Fuels producers take aim at Calif.'s low-carbon standard

Energy companies are mounting new opposition to California's plans to lower the carbon content of fuel sold in-state.

A group of oil companies and other fuel providers, including BP PLC, Chevron Technology Ventures, Exxon Mobil Corp. and Pacific Gas and Electric Corp., held a closed-door meeting yesterday in Burbank, Calif., where they discussed the state's low-carbon fuel standard, which aims to lower fuels' average carbon content by 10 percent by 2020.

The meeting was put on by the group Fueling California, whose membership includes Chevron as well as United Airlines, Wal-Mart, UPS and other large fuel consumers. A petroleum industry representative said the discussion focused on the challenges companies face in complying with the low-carbon fuel standard, which envisions increasing supplies of biofuels, hydrogen fuel, natural gas and electric vehicles to replace gasoline and diesel.

"I think the consensus was pretty clear, at least among people here, that there are not sufficient biofuels ... to meet the enormous volumes required to comply with the low-carbon fuel standard in the time frame required by the regulation," said Tupper Hull, spokesman for the Western States Petroleum Association, which includes BP, ConocoPhillips Co., Exxon Mobil and Royal Dutch Shell PLC as members. "We believe we're going to see a significant amount of unintended consequences from this regulation well before 2020."

The LCFS, as it is known, requires transportation fuel producers and importers to gradually lower the average carbon content of their sales through 2020. It began in 2011 with a mandated 0.25 percent decrease in carbon and will ramp up at an increasing rate through 2020.


Regulator not invited

Regulators were not invited to the meeting, although at least one lawmaker, state Rep. Susan Bonilla (D), did attend, addressing the crowd, sources said.

"We have been invited in the past, and we were not this time," said California Air Resources Board spokesman Dave Clegern. "I know that we did inquire and came away with the impression that that was not something we were welcome at."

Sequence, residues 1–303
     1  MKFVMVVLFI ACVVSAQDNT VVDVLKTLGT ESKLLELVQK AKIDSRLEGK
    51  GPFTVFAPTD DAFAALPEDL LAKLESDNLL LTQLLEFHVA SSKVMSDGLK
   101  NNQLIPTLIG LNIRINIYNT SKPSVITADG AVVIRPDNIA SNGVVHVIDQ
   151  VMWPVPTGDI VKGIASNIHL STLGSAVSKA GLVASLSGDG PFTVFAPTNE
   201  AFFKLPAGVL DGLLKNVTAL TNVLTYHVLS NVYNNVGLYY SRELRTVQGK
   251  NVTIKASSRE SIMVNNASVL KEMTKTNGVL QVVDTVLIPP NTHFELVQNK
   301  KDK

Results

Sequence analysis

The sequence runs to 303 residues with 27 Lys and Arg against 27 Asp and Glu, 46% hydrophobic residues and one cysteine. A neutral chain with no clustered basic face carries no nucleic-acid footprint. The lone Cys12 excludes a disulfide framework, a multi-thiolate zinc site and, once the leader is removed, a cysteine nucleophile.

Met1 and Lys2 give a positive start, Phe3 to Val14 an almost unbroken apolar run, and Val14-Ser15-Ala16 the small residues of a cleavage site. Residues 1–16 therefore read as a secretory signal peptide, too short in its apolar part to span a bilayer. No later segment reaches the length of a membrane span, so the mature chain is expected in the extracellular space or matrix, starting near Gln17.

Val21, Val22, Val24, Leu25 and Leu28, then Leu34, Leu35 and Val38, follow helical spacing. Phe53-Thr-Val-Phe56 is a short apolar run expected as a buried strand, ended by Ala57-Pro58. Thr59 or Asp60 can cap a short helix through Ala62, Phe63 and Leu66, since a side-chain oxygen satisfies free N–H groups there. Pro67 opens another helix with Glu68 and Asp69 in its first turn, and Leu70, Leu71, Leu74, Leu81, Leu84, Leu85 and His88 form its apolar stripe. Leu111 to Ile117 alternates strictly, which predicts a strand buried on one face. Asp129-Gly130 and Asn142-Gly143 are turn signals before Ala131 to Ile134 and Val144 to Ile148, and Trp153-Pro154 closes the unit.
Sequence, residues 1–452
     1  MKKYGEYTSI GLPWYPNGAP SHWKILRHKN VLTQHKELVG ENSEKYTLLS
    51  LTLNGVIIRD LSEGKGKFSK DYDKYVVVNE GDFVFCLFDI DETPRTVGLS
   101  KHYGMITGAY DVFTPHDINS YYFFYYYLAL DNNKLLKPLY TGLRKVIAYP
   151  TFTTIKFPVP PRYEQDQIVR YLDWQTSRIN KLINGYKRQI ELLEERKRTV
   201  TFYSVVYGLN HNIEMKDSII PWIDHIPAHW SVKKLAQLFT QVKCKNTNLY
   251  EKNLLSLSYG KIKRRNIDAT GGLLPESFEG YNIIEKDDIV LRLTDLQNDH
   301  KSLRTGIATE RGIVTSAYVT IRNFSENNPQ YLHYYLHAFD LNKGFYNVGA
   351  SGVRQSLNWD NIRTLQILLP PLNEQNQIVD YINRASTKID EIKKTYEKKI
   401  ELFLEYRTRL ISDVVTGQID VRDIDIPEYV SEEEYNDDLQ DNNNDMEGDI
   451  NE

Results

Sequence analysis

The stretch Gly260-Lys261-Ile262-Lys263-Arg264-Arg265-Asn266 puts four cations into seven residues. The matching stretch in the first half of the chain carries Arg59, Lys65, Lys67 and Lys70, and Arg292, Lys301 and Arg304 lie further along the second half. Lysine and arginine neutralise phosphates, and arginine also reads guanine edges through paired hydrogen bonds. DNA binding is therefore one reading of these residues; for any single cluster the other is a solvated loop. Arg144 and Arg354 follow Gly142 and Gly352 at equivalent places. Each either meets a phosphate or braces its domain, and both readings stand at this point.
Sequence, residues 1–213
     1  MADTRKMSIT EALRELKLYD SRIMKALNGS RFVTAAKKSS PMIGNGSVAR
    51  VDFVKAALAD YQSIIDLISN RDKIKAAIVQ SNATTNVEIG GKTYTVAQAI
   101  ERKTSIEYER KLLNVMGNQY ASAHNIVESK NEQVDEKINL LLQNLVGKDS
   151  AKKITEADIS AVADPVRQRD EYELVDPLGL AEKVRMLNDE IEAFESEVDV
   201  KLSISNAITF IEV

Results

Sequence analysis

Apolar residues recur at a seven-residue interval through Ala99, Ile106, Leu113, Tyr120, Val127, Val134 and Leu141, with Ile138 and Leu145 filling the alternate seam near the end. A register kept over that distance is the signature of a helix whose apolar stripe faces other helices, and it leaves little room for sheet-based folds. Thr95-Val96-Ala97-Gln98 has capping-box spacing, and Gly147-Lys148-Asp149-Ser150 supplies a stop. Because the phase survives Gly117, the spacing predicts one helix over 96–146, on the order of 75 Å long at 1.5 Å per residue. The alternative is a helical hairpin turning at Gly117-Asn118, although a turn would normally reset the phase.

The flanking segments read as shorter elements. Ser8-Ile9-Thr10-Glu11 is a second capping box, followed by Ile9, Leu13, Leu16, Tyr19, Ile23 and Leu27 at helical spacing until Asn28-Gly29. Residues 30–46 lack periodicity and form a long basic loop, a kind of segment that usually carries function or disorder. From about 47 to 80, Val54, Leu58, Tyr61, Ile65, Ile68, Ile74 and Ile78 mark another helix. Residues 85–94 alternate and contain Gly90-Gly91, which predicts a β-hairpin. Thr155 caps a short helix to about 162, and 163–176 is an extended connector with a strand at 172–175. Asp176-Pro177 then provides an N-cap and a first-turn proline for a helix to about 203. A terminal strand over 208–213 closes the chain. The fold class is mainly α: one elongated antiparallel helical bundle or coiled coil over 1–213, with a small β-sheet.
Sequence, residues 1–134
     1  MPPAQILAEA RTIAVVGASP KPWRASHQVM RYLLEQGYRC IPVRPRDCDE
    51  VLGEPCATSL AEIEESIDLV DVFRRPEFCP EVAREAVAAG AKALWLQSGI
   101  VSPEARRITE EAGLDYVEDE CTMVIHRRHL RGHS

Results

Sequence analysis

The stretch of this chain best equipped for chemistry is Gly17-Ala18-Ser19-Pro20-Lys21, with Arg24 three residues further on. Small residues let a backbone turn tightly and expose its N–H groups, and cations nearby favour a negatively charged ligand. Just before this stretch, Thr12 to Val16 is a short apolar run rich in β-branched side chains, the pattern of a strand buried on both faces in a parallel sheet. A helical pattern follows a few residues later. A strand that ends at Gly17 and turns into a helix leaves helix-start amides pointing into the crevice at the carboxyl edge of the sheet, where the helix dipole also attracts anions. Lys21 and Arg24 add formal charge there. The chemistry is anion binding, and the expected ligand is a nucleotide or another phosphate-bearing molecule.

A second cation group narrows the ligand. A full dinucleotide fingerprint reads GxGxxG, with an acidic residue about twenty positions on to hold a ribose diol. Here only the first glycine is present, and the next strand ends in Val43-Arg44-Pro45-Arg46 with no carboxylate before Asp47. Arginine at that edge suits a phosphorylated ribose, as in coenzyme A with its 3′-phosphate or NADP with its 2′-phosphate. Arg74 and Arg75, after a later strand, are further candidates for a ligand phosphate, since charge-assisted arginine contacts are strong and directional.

According to one meeting participant, the session was dominated by fuel producers; aside from Chevron, the board members of Fueling California were absent. Other attendees included biofuels producers like Pacific Ethanol and Biodico, as well as natural gas companies and utilities, the attendee said.

"The intent was certainly a 'Roll up your sleeves; this is a technical, nitty-gritty discussion,'" said the attendee, speaking under condition of anonymity. "That was the pitch, and that was certainly discussed, but then there were other parts of the conversation that sounded more like beating the drum of 'Low-carbon fuel standard is not feasible.'"

While the LCFS is under legal challenge from oil and ethanol companies, participants did not focus on that avenue, according to the attendee. Plaintiffs in that case had argued that the regulation violates the U.S. Constitution's Commerce Clause by penalizing out-of-state fuels for the distance they must be transported to California. A decision, in the 9th U.S. Circuit Court of Appeals, could come at any time (E&ENews PM, Oct. 16, 2012).

Consumer and green groups gird for battle

Hull also singled out California's cap-and-trade system, which currently covers emissions from electricity and large industrial facilities but will expand in 2015 to cover transportation fuels and natural gas. "It's likely to impose an enormous cost on fuel manufacturers," he said. That program, as well, is being challenged in court, by the California Chamber of Commerce (Greenwire, Nov. 14, 2012).

Other fuel policies in play currently include the state Air Resources Board's Clean Fuels Outlet regulation, which requires oil companies to install hydrogen fueling stations as automakers ramp up their production of fuel-cell vehicles. A bill moving in both houses of the state Legislature would suspend the requirement until 2024, instead authorizing $20 million of state funding per year until there are at least 100 publicly available hydrogen stations.

A report summarizing the meeting will be released within a month, Fueling California spokeswoman Cristina Dayton said.

A coalition of environmental and consumer groups is responding to the moves with its own campaign, "Stop Fooling California." The coalition said yesterday that oil companies can well afford the regulations.

"Oil is the most profitable industry in the world, period," said Martha Arguello, executive director of the Los Angeles chapter of Physicians for Social Responsibility. "For decades, Big Oil has been filling its pockets with massive profits while protecting its monopoly on dirty energy that harms Californians' health, especially low-income communities of color."

The looming political backlash here may have national impacts because California's evolving system could be a template for the Obama administration's new effort to set up national rules to limit greenhouse gas emissions.

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